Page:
Assessing the risk, educating patients and clients
Most people would be surprised to know that, according to the Centers for Disease Control and Prevention (CDC), nearly half of Americans living with HIV in 2016 were aged 50 and older. HIV is newly diagnosed in thousands of older adults every year.
Although HIV risk factors are the same for people of any age, professionals can often overlook HIV as a potential diagnosis in seniors. As a result, HIV testing is less common in seniors than in other age groups.
Without proper education and testing, seniors may be at higher risk for transmission of HIV. There are a number of reasons why.
Nearly 40% of older adults diagnosed with HIV in 2018 believe they contracted it through heterosexual intercourse. Because the fear of an unplanned pregnancy has passed, sexually active seniors are less likely to use condoms and other barrier methods of contraception, putting them at increased risk of contracting a sexually transmitted disease.
Compounding this issue, vaginal atrophy and dryness in post-menopausal women can also lead to an easier transmission of the virus. As skin becomes thinner, microscopic tears can form as reproductive areas age.
Older people are also less likely to discuss sexual activity or drug use with their health care providers, according to the CDC. Because of the stigma associated with these topics, many seniors are embarrassed to discuss these issues, or simply do not consider themselves at risk for HIV. As a result, fewer seniors are tested.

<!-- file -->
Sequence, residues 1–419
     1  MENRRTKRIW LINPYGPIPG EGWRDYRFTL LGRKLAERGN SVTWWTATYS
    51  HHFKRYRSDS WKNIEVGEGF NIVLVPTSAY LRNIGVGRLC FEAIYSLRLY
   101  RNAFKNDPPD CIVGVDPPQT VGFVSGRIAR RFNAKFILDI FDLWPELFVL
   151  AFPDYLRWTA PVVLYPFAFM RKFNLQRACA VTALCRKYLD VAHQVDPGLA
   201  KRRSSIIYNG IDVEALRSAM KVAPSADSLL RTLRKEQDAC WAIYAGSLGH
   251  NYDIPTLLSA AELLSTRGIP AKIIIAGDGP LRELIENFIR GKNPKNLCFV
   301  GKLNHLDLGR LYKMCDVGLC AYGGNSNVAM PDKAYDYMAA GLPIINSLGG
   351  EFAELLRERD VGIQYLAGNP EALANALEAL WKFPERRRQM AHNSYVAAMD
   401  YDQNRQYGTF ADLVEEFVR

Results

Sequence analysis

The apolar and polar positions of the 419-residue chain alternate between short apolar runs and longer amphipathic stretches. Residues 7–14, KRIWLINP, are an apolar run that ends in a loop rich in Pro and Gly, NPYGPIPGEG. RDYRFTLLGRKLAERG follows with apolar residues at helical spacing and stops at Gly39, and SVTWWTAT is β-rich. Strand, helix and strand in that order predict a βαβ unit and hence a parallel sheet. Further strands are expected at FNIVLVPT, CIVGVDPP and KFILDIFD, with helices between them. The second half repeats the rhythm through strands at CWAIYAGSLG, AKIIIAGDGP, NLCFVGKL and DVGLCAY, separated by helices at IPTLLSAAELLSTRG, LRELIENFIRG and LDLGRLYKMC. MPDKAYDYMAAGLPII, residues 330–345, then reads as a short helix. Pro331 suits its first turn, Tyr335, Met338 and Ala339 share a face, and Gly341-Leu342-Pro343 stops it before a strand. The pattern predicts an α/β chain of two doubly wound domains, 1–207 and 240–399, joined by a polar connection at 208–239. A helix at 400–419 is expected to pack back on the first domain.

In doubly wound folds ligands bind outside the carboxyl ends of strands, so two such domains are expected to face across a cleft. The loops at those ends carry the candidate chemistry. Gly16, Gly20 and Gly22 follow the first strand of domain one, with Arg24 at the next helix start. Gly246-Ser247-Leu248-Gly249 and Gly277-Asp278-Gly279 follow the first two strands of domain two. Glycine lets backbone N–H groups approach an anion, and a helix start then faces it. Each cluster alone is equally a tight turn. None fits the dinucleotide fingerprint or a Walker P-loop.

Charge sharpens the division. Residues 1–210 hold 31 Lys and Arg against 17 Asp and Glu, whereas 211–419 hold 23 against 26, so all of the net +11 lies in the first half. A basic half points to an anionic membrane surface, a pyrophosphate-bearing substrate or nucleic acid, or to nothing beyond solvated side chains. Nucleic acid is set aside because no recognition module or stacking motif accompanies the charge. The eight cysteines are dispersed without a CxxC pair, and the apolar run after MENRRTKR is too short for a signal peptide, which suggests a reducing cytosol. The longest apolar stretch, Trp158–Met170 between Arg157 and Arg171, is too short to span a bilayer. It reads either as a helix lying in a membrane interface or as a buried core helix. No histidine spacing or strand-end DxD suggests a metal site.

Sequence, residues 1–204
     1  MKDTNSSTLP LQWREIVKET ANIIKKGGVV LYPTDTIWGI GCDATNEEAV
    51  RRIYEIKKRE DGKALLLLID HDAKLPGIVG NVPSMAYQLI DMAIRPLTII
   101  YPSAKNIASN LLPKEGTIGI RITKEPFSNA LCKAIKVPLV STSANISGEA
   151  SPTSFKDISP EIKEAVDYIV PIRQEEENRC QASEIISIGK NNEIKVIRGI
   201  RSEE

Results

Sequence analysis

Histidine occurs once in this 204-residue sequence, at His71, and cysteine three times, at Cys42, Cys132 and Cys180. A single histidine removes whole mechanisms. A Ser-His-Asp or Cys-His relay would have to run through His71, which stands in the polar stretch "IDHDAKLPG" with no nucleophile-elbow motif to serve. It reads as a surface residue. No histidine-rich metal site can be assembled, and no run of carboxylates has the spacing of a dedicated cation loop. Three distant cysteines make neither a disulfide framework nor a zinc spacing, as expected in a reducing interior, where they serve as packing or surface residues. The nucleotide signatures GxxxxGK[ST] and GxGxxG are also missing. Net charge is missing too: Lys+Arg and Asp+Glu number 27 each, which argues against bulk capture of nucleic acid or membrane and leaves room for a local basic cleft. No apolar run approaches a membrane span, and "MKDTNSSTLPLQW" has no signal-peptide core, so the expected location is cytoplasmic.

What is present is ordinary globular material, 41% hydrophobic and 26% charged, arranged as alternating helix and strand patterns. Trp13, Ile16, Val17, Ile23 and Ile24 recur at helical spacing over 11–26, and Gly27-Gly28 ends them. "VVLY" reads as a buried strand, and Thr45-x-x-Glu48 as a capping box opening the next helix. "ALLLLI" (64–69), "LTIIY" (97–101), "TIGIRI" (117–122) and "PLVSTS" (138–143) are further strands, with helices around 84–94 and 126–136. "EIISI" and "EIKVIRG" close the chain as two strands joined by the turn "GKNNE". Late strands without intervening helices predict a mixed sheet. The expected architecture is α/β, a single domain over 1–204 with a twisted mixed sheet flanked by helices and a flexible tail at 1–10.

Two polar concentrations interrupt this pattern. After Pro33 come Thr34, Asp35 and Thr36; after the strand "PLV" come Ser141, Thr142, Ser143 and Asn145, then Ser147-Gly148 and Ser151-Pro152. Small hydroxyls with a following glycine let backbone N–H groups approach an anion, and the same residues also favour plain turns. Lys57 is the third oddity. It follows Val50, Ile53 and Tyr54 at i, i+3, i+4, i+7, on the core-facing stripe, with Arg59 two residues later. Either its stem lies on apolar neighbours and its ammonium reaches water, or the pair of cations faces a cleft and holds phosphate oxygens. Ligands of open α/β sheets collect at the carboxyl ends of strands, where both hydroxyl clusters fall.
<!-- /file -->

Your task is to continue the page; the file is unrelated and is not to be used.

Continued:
In seniors, signs of HIV can often be mistaken for symptoms of aging or of age-related conditions. Consequently, testing to diagnose a condition may not include HIV testing. As a result, HIV is more likely to be diagnosed at an advanced stage in many older people. Diagnosing HIV at a late stage also means a late start to treatment with HIV medicines and possibly more damage to the immune system.
Specific to the older population, the CDC recommends that everyone over 50 years old get tested for HIV at least once as part of routine health care and that people at higher risk of HIV get tested more often. Health care providers should raise this discussion with their sexually active patients, recommend HIV testing and assess their patients’ future risks for HIV.
The outlook for people diagnosed with HIV has significantly improved over the last 30 years. Seniors may not be aware that HIV, when properly treated, can be a manageable condition. Taking medication every day can make the viral load undetectable, and those who stay virally suppressed can live a long and healthy life with little-to-no risk of transmitting HIV to others.
Educating ourselves and others is the key to stopping the spread of this virus, especially among older adults. Open, honest discussions with your senior patients, clients, and their families can remove some of the stigma associated with HIV, AIDS, and related topics. Visit the National Institutes of Health and the Centers for Disease Control and Prevention websites for more information on senior HIV statistics and how to be a better advocate for those in your circle.
If the medical needs of a senior client, customer, or patient have become too much for them to manage on their own, it may be time to talk about community-based senior living. Oasis Senior Advisors provide a free service to older adults and their families as they navigate senior housing options. Contact Oasis at 888-455-5838. One call can provide you with many solutions to the issues that seniors, families, and caregivers face every day.